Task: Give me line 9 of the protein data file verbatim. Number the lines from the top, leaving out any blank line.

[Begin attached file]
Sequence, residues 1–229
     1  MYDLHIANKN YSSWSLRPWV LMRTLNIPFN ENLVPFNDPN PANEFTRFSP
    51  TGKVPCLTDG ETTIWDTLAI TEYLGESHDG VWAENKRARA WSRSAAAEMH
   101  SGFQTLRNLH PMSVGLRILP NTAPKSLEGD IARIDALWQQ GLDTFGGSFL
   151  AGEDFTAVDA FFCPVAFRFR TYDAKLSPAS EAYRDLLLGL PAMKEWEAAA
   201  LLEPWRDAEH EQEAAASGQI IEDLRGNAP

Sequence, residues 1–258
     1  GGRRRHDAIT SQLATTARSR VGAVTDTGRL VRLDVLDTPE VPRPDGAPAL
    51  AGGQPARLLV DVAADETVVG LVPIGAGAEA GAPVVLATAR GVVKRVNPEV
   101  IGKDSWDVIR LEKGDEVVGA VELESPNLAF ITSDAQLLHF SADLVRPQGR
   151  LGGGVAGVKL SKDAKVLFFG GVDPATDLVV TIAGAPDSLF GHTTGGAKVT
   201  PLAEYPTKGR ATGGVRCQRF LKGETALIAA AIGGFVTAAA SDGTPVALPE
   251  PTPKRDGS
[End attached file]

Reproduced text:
    51  AGGQPARLLV DVAADETVVG LVPIGAGAEA GAPVVLATAR GVVKRVNPEV